The simplest kind of stimulus governments the world over could provide is to cut withholding taxes. Let people keep more of their money from each pay check. People will then do what they have to do. That is, they’ll either use the cash to pay down debts, save it, or spend it. Meanwhile, governments can borrow and spend all they’d like on “shovel ready” projects.
This will never happen, of course. Automatic withholding taxes are a key source of government revenue at a time, the world over, where liabilities are rising fast. But it would be a lot more efficient than having Canberra, Washington, or London sprinkle out the money on projects that may or may not enrich politicians and their donors.
That is part of the big picture. In the littler picture, news came out yesterday that Chinese GDP growth may not reach the eight percent target set by the old men in Beijing. It will, perhaps, be just six percent growth this year.
Six percent GDP growth-if the number can be taken at face value-is no small feat during a worldwide recession. But China’s policy makers have said in the past that in order to meet employment objectives (you need factory work for the millions moving off the farms) the economy has to grow at eight percent.
How will rising unemployment and closing factories affect China’s political stability? Hmm. We have no idea. But we do know that according to yesterday’s data, China’s exports fell for the second consecutive month. They were down 2.2% in November and another 2.8% in December. It’s the worst export performance since 1999.
More ominously for Aussie investors who would like to find the bottom in mining shares, China’s imports fell 21.3%. As China imports a great deal of raw materials, this is not good news for the Aussie share market. In fact, the market was down nearly two percent intra-day, before finding the courage to close just in the red for the day.
Today, though, some of the world’s biggest miners announced cost cutting measures. Rio Tinto is suspending underground work at its copper and gold project at Northparkes in New South Wales. It’s also shelving plans for auto-mated trains at its iron ore operations in the Pilbara.
Mining shares are down at the open today. But behind the scenes, it looks like Chinese companies are using the commodity price crash as a chance to secure long-term off-take deals with Aussie companies. “Emerging West Australian iron ore producers are facing renewed Chinese interest in long-term off take agreements before an expected drop in contract prices,” reports Sarah-Jane Tasker in the Australian this week. “Hartleys resource analyst Andrew Muir said Chinese steel mills were still looking for long-term off take agreements, but he warned that companies would now be more selective.”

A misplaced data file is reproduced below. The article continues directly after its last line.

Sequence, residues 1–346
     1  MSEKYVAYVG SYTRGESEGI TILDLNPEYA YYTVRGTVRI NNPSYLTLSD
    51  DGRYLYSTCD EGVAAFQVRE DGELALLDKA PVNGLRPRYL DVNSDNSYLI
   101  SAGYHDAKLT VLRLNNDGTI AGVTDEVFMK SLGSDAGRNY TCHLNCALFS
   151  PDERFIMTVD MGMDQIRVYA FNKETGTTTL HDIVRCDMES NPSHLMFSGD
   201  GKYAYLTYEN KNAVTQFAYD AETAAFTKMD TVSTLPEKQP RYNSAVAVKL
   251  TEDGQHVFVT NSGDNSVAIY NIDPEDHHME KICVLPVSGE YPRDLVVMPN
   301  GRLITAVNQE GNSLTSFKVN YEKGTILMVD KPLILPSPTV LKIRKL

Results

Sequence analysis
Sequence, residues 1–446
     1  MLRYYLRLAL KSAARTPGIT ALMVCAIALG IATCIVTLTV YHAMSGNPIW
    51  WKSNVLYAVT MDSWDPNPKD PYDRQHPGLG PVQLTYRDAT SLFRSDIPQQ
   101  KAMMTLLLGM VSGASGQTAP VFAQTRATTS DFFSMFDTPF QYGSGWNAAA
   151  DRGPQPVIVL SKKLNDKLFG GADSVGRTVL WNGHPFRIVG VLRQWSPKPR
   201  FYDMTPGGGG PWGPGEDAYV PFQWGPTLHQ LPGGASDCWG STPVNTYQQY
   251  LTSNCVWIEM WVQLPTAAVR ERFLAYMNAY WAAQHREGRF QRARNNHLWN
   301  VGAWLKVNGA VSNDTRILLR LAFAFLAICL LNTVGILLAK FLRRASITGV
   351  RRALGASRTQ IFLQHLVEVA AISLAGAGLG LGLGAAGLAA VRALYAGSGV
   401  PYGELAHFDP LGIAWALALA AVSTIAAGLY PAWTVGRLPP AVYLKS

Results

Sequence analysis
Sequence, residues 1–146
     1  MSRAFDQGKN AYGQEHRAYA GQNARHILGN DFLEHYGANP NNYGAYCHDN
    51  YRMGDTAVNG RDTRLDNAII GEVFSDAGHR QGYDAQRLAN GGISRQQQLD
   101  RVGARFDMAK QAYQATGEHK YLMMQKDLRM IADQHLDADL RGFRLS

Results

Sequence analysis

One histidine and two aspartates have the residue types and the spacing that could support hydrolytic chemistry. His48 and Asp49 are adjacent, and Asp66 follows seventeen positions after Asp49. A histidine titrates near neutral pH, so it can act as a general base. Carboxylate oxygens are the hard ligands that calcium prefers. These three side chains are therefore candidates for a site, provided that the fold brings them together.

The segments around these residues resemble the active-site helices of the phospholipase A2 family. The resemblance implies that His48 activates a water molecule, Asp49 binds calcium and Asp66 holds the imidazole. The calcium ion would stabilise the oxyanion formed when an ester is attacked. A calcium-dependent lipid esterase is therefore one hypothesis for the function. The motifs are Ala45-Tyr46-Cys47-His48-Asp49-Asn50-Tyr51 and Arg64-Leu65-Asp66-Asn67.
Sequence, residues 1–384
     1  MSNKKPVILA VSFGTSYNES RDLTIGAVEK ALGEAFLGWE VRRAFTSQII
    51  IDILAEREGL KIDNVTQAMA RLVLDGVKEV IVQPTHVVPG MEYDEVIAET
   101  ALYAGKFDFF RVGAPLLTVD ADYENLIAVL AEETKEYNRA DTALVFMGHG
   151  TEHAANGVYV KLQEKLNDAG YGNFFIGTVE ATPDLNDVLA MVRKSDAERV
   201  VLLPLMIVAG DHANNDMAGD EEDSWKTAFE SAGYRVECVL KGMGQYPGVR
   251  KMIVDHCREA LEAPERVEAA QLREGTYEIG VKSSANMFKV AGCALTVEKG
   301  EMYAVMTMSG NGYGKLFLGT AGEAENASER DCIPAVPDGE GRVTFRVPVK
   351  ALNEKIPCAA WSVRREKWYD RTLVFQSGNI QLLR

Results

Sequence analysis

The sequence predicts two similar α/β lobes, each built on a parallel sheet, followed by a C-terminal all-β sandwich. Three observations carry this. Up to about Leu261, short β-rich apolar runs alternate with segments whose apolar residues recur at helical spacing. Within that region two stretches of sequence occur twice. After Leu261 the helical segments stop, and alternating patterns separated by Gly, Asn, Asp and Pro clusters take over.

This is what Diggers and Drillers editor Al Robinson calls the “Pebbles” phenomenon. While BHP and Rio were engaged in a soap-opera like love/hate fest over conquering the resource world, Chinese banks and steel mills have been diligently sifting through the wreckage of the resource market for projects they want to finance, own, or invest in.
For example, Dow Jones Newswires reports that Gindalbie Metals has received conditional approval of a $1.8 billion loan for its iron ore project at Karara. Gindalbie is also funding the project by selling equity to Chinese outfit AnSteel.
So you see, business is still getting done. Let’s not forget this. Someday, this crisis is gonna end. All the things we’ve discussed here in the Markets and Money will have come to pass (perhaps not exactly as we’ve forecast) and the world will get on the business of life, replacing one financial growth model with something less leveraged and more oriented to the growing places of the world. But just when that it is and whether or not it will be good for investors in Aussie resource juniors this year is unclear.
What is clear? Ben Bernanke is terrified. “Fiscal actions are unlikely to promote a lasting recovery unless they are accompanied by strong measures to further stabilize and strengthen the financial system,” Bernanke told fellow terrified people yesterday at the London School of Economics. “More capital injections and guarantees may become necessary to ensure stability and the normalization of credit markets.”
Here we are, 525 basis points lower on short term U.S. interest rates, a doubling of the Fed balance sheet to US$2 trillion and growing, and US$750 billion into a TARP that can’t cover the rotting corpse of the financial system, and Bernanke told the world yesterday that the basic problem-bank balance sheets impaired by assets they can neither value nor sell-is no closer to being solved.
That seems like bad news.